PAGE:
Unpredictable

There is nothing normal about this process –

 

no breaching Lochness swallowing the weather

and spitting out numbers that tell us how the rain

manipulates our facial muscles,

 

no tangles or tongues assigning the samples

levels of importance and possibility,

 

no sparkling answers tightening the stellar leather

around Orion’s ambitious hips.

 

Sagittarius fills his quiver with serpentine tails

from the top percentiles, hoping he could

shoot smiles into the eyes of the dead –

a topaz back to the crown of Cassiopeia.

 

I’m as greedy for sweet gravity as she was

her own body, a sisterly autocannibalism.

 

We’re hungry for edible mirrors

for sugar made of glass

and neutrals packed with sand,

for palettes that paint like Jupiter

and smell like cosmic storms.

 

I could squeeze all the rancid starstuff

from my own planet onto Nessie’s bloody scales –

confirm IQ, GRE scores, cortical surface area

and still be Platinum status at Ulta

 

Sephora coupons traipsing through my mailbox

like bright lines slicing the pupils of kittens.

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Reading: “Etherwalker”, Cameron Dayton

Recently, I’ve struggled to return to readings. I peruse the newest offerings for Prairie Lights Live, hoping for that fire to engulf my attention like a new FromSoftware-esque cycle.  There’s a nap and my son waiting for me at home. However, how could I turn down an evening with the creative director over at Sledgehammer?

I know my focus here has been on poetry and literature, but that really is only half of the story: when I’m analyzing data at my desk, I’m almost certainly listening to a podcast on gaming news or design. When I’m walking my westie, my tempo is set to remixes of the Bloodborne soundtrack. Unlocking my home or office includes the incandescent glimmer of my key ring Hunter’s Mark in the light. It’s such a different, but equally valuable, form of artistic influence. No collection of poetry has left me more environmentally conscious than Horizon: Zero Dawn. I am hard-pressed to consider what better encompasses mental illness than games like the haunting award-winning audio of the pseudo triple-AAA breakout Hellblade: Senua’s Sacrifice (which, by the way, deeply earned its wins for “Games for Change” and “Best Voice Actor”). Dark Souls has reignited my appreciation of high fantasy that was sapped away by cliched pages years ago. Books and games deliver what the other lacks and carry a purpose the other simply cannot handle in the mere nature of their presentation.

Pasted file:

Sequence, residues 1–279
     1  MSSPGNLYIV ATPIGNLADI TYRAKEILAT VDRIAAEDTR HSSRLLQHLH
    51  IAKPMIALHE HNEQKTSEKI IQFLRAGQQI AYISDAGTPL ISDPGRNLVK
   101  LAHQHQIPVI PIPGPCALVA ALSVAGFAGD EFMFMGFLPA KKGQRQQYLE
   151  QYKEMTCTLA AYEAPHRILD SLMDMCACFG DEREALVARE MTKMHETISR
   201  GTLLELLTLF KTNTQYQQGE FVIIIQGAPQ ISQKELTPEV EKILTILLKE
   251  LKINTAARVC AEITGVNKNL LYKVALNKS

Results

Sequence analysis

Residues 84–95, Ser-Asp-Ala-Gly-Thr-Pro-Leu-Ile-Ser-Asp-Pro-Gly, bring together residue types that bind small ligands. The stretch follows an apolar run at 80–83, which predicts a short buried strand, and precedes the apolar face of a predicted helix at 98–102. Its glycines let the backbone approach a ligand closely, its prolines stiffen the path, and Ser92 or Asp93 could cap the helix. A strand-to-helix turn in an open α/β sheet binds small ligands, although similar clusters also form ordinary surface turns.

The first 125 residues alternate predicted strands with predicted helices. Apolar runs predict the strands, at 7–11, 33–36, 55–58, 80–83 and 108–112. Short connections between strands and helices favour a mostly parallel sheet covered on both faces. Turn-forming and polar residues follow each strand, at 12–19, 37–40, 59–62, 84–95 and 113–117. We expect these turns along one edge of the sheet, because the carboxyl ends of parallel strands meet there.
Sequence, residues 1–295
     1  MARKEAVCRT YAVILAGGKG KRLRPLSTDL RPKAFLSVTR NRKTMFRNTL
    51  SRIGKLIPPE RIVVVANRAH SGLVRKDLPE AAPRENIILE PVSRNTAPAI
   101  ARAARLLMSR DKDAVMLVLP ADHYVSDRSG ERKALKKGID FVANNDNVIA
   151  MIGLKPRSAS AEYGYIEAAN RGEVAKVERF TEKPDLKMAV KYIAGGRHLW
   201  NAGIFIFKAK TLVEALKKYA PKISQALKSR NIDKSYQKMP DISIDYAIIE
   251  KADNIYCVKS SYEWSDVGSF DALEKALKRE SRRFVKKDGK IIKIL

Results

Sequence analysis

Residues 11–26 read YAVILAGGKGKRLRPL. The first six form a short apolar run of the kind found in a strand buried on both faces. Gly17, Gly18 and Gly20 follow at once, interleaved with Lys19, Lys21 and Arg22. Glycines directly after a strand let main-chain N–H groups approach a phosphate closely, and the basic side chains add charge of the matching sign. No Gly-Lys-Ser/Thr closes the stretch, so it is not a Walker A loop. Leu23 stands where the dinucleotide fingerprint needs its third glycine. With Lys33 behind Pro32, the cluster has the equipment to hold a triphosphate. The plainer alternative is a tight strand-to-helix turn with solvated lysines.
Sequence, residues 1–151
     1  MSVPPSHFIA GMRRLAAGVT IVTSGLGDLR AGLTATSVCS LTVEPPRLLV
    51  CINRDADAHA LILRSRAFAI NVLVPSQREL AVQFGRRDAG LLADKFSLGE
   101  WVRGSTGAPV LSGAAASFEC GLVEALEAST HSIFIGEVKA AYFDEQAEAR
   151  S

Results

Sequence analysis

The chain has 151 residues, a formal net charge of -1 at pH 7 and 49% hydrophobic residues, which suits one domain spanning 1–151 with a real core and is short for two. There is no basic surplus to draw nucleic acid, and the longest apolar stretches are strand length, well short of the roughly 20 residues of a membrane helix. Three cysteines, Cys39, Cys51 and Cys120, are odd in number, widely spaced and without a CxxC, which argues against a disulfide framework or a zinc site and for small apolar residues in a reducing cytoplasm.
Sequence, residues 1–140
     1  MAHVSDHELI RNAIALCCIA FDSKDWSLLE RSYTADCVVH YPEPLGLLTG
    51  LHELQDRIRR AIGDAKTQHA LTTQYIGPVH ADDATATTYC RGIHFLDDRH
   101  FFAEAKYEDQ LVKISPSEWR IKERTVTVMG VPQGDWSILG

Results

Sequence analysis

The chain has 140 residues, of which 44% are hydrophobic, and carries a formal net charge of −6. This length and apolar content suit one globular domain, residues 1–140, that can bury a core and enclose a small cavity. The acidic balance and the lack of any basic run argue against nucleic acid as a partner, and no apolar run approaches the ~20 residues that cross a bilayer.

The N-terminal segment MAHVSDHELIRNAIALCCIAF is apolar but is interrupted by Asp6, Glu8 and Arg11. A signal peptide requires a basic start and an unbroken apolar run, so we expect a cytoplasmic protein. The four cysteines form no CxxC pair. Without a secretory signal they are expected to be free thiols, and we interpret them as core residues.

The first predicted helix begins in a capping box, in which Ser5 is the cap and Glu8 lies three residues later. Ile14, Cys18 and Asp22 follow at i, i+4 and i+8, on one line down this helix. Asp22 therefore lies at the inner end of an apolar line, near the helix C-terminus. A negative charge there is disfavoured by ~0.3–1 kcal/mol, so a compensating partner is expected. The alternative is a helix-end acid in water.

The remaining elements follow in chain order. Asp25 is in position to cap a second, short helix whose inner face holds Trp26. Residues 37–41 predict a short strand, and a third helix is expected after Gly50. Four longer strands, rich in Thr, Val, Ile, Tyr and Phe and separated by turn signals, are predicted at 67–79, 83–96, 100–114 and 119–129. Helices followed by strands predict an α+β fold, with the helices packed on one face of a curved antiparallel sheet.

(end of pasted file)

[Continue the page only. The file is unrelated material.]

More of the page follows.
Thus, you must imagine the thrill when these two worlds blend – to hear fiction from the man who bridges these separate continents, wrote for Blizzard, EA, and beyond, and crafted the world of Overwatch. Even better, he explains his own experiences with psychology and morphs them into the main character.

This is one of the more well-received readings I’ve attended. However, the room was packed with animators and computer designers in graphic tees and casual overtones (I, along with one other person of the 20 or so attendees, was the only audience member not currently enrolled in a technological field). He read with confidence before he discussed his artistic overlap of literature and games. World-building was a topic of focus, how essential it is in game and fiction writing. He’s even carried over Easter eggs into writing (which elicited a couple chuckles). When asked which story was his favorite, he expressed his love of writing about the World of Warcraft dwarves. In his mind, they lacked a true saga, so he decided to tackle this and give these characters what they deserve. Though I am not familiar with this series, others nodded their heads in agreement. The major characters, such as Arthas, may have truly noble stories in place, but he definitely had a soft spot for the hidden heroes. Another interesting point he posited is how the vision in video games is, essentially, controlled by the player – he recounted stories told to him by fans that neither he nor the other developers ever thought would come from the scenes they so meticulously crafted. This rings deeply of Dark Souls for me, where the wonderful lore is woven in places as subtle as flavor text or item descriptions, or the placement of items in the world. You could absolutely play it mindlessly and never even once think of the story – this happened for my initial playthrough of Bloodborne. The first run was a vacuous display of aggression, while the ending to my next profile left me gasping. Overall, I’m excited to see how a gamer weaves his words and plays these niche details on the page.